There are many different ways this can be achieved. We may have images that make little sense and therefore drawing it can enable someone to tell a story of why that image is there, to use language to explain and make sense of it. Fictional tales, poetry, metaphors and parables are all symbolic of storytelling that can articulate subjective thoughts a person may have trouble piecing together.
Have you ever spoken to someone who is not really listening to you or does not really understand you? You feel alone. When you tell your story to someone who listens, you are acknowledged, there is value and a real connection. Sometimes, those connections are false, fake, where we present ourselves and explain our stories to fit into the socially constructed landscape because a person has yet to use their own mind and so remain perpetually blocked from ever attaining the cognitive capacity to articulate their own identity.
Whether the properties of this interaction is fictional or real – there is some validity in solipsism – as though fiction and reality are like two magnets that repel one another where we never really connect with anyone, the practice of storytelling is a way to increase and broaden our vocabulary so that we can better explain this relationship between ourselves and the world around us. This, therefore, enables us to understand others and therefore is the beginning of empathy, or appreciating what is moral and valuable and therefore storytelling is the beginning of love.
Storytelling is a form of connecting and explaining experience into a temporal order, developing and broadening our ability to use our imagination that functions as a medium to connect and understand those around us. As we increase our vocabulary, we are strengthened with the linguistic tools to better interpret our own feelings and experiences. The best way to heal, to feel valued and acknowledged, to have a sense of purpose and connection is only possible through storytelling.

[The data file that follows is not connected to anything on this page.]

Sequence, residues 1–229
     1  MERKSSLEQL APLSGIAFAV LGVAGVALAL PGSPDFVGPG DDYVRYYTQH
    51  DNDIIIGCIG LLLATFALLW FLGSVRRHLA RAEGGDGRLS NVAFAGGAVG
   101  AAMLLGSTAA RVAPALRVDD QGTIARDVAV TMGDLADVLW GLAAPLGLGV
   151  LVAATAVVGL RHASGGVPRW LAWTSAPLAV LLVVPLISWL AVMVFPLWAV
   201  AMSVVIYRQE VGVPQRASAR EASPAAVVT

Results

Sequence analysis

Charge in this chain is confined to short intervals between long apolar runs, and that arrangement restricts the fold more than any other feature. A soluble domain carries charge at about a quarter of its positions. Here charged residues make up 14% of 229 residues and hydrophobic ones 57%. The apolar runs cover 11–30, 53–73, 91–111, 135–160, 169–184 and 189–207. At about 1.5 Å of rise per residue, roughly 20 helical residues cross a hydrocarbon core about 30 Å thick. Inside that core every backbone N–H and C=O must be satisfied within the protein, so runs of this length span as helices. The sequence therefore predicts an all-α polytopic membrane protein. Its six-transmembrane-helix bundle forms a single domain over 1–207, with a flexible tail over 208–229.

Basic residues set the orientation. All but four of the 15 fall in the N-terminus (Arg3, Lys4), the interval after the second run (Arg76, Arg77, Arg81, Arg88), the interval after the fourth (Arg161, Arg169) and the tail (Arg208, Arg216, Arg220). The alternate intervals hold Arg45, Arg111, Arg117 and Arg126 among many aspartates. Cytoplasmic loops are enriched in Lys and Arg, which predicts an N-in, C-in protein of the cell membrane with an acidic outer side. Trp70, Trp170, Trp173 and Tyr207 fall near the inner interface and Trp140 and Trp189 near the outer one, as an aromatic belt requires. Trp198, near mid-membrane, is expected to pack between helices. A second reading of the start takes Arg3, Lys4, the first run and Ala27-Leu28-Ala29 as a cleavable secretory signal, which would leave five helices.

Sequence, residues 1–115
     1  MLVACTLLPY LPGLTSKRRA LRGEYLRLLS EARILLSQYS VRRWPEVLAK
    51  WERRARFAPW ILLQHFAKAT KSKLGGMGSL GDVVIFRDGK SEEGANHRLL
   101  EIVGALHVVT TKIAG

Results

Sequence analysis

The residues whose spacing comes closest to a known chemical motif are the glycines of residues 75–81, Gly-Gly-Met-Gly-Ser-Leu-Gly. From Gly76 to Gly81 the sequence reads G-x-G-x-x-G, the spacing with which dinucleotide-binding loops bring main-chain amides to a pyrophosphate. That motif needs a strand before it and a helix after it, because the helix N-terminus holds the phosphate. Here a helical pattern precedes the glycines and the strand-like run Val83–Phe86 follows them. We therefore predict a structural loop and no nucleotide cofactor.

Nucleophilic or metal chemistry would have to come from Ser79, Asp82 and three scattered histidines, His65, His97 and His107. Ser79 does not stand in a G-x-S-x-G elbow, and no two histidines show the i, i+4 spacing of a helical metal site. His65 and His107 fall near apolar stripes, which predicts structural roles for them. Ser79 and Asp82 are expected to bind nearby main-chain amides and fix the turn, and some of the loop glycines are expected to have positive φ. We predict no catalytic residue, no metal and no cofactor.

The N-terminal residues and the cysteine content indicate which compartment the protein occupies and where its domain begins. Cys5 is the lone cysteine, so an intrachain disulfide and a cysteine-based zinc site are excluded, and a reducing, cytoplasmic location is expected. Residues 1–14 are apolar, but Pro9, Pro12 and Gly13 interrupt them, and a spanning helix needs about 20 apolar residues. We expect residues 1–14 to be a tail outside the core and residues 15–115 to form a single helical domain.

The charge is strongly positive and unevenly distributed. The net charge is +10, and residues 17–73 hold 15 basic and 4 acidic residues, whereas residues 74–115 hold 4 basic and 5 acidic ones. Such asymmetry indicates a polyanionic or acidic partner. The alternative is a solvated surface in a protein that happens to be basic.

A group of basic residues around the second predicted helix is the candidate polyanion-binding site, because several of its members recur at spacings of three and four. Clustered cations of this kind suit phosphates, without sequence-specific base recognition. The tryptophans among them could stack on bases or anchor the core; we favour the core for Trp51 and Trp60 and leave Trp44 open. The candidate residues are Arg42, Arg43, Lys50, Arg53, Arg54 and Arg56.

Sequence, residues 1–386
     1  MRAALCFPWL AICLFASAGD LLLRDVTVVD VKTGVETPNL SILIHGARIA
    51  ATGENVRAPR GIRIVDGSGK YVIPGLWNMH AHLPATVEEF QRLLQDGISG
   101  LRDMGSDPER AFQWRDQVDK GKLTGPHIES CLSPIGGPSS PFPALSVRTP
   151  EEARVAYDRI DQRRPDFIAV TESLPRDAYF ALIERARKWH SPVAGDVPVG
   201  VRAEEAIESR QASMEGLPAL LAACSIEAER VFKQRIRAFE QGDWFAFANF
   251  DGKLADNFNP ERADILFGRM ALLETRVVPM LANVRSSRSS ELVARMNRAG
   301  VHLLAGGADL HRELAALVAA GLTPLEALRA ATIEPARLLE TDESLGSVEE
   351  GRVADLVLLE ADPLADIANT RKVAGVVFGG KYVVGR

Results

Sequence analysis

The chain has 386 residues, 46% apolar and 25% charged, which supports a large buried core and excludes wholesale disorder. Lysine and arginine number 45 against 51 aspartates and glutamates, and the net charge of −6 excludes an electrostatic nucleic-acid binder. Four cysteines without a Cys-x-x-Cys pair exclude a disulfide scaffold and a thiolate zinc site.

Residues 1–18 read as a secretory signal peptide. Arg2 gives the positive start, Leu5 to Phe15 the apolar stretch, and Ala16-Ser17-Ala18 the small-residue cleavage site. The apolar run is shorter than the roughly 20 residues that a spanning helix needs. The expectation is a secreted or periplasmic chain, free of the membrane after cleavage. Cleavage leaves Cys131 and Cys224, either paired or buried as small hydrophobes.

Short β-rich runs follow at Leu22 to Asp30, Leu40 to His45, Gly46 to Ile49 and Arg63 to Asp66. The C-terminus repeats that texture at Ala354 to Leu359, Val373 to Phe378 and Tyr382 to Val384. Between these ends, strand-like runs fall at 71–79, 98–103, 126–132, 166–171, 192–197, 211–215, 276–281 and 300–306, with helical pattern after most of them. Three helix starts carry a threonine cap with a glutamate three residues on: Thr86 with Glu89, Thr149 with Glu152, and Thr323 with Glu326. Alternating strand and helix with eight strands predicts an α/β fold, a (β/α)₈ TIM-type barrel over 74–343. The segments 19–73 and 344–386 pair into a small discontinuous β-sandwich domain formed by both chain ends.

Her stained toes clutch to the narrow cliff-edge.
Prepared, crumbled stone trickle softly down
the overhang. Tap tap tap, a musical echo drops like
blood from the crucified lesions punctured over her crown. Read More
Alevis are a community of heterodox Muslims culture-specific to Anatolia [Turkey]. Similar syncretistic religious groups exist in Syria (Alawi), Lebanon (Druze), Iran (Ahl-e Haqq), and in Iraq (Yazidi). The Alevis of Turkey are a unique religious association and have a close relationship with Bektaşi Order who originated from the Balkans. Although there are no exact estimations of the population of Alevis in Turkey, the general consensus is that they make up the largest minority and total 10-20 million in population. Alevis are historically connected to the Turcoman Qizilbaş nomads who converted to Shi’i Islam and theology while Turkish dervish institutions “[h]ad received their characteristic features in western Turkestan from Ahmad Yasawi (d. 562/1166); they had acquired an ever-increasing expansion in Anatolia, but at the same time they had adopted heretical tendencies.” The etymology of the name Alevi is tied to a religious appreciation of ‘Ali Ibn Abi Talib – cousin and son-in-law of the Prophet Mohammad – and only after the 19th century replaced Qizilbaş due to the derogatory label that the latter had established. Read More
Dried petals of black stained skin peel
Around the edge
Her wrinkled fingers waterlogged by blood,
A dehydrated beat, slowing, slow that
She wakens with a gentle tap.
“Don’t leave me,” she whispers,
Her palms embalmed around the organ.
The alkali sea sheets the sand beneath her
Soft, golden sponge
Cushion her knees, moored as she sinks,
Absorbed into the coast, married, merged that
The angel beside her is scourged.
“Let it go,” he whispers,
A snag of perpetuum love fruitless on the shore.
The covenant of salt betrayed by a bitter bluff
Each ventricle perish to decay as she
Still waits for one little hello, hello, say hello.
Her heart cracks to ash.
“I loved him,” she bemoaned.
Now a statue frozen to stone.